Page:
Equal Area Cartograms

Choropleth maps are extremely popular (e.g. try image search on Bing or Google). But choropleth maps have many short comings including:

  1. Small areas may be invisible (e.g. Dubai, Singapore)
  2. Identification of a particular region or finding a named target can be difficult. (e.g. see the National Geographic literacy survey from 2006: many young adults cannot identify significant countries on a world map).
  3. Countries with large land area dominate the display (e.g. Canada, Russia).

Here is an example showing the Prevalence of HIV in 2010 from World Health Organization:
WHO_PrevalenceHIV2010

Cartograms are a different approach that modify geographic shapes to size the regions (e.g. countries) based on a data value. However, for the analytic task, small values and/or null values may be important. Say, prevalence of HIV by country: if you are analyzing health-care data, the low values and the null values are important, and you don’t want those to disappear.

In general, there are many types of visualizations that use the size (or area) to convey data, including bar charts, area charts, pie charts, bubble charts, treemaps and more. There are times when this may be inappropriate – perhaps the viewer needs to be able to focus equally on the small items. Perhaps the tiny bar represents the most important project, or most important country for the purposes of the analysis – it could be missed if using size to convey data attribute. 

Returning to the choropleth and cartogram, consider a tweak to the cartogram: the Equal Area Cartogram. In an equal area cartogram, the primary consideration is that every item has the same size, while preserving all the other aspects associated with cartograms, such as local proximity (i.e. the countries that were beside each other are still beside or fairly close to each other). Now, all countries are visible (addressing problem #1); and are equally visible (addressing problem #3). Furthermore, depending on the cartogram approach, since there is a minimum size, each item can be explicitly labeled (addressing problem #2). Other visual attributes can be used to encode data of interest, such as color. This example uses color to encode population in an equal area cartogram labeled using 3 letter country ISO codes.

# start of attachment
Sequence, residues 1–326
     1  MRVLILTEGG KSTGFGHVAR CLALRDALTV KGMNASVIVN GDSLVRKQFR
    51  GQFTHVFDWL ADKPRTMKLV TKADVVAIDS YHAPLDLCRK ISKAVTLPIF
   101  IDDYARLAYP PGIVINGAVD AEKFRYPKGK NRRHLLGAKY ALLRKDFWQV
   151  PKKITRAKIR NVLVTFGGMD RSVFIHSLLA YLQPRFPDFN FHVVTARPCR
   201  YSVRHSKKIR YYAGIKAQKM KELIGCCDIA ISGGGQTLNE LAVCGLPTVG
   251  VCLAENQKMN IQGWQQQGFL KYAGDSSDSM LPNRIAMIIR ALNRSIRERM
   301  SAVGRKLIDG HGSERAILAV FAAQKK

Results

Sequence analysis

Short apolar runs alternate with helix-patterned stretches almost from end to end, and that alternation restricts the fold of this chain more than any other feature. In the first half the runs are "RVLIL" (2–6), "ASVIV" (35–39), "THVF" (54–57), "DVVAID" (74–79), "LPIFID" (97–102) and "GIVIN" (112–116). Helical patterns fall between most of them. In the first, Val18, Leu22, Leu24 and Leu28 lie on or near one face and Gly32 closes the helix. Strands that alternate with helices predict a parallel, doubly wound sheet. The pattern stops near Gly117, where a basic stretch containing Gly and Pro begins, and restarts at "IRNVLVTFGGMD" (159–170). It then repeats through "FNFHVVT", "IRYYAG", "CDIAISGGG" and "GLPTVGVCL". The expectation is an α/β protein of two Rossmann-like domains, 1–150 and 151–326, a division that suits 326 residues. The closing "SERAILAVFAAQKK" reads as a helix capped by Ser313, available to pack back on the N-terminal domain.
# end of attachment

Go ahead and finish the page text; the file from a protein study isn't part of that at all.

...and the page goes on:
Capture

(Interactive version here – you can get a better sense of how compact/crowded Europe is).

Freed from using size and shape, there are now more opportunities to encode data using a variety of visual attributes. The example below is an experimental visualization encoding data using a variety of font attributes, including font weight (i.e. boldness), italics and caps:

HealthExpenditure_LifeExpectancy_PrevalenceHIV

This is experimental, because there is a lot going on all at once:

  • Labels indicate countries via their 3 letter ISO country code.
  • Labels are located based on a equal-area cartogram to preserve relative spatial relationships
  • Label color is based on region. If no HIV data is available, the the label color is grey.
  • Font weight indicates health expenditure (as a percentage of GDP). First world countries tend to be heavy-weight because a significant portion of GDP is spent on health care. e.g. JPN, USa
  • Font capitalization indicates life expectancy. ALL_CAPS indicates long life, all_lower indicates shorter lives. Unfortunately, most of Africa is lowercase. e.g. bdi, moz.
  • Font italics indicates the Prevalence of HIV. All italics indicates a high proportion of HIV. While there are many italics in Africa; high prevalence can also be seen in Haiti (Hti) and Jamaica (JAm).

The combination of these many attributes enables complex queries to be made visually, for example:

  • Are there countries with high HIV and short lives, even though they spend a significant portion of GDP on health care? Answer yes: e.g. see Rwanda (rwa) or Sierra Leone (sle). 
  • Is health care spending consistent among countries with long lives and similar rates of HIV?
    Answer: I’m not answering this one for you: feel free to explore the image and comment.

In summary, when considering high level maps that are meant to compare values across regions, consider going beyond a choropleth or one of many types of distortion cartograms all the way to an equal area cartogram. At a minimum, you’ll be able to show each country clearly and the data associated with the country, and the labels will help the viewer identify those countries.

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About richardbrath

Richard is a long time visualization designer and researcher. Professionally, I am one of the partners of Uncharted Software Inc. I am also pursuing a part-time PhD in data visualization at LSBU. The opinions on this blog are related to my personal interests in data visualization, particularly around research interests related to my PhD work- this blog is about exploratory aspects of data visualization not proven principles.
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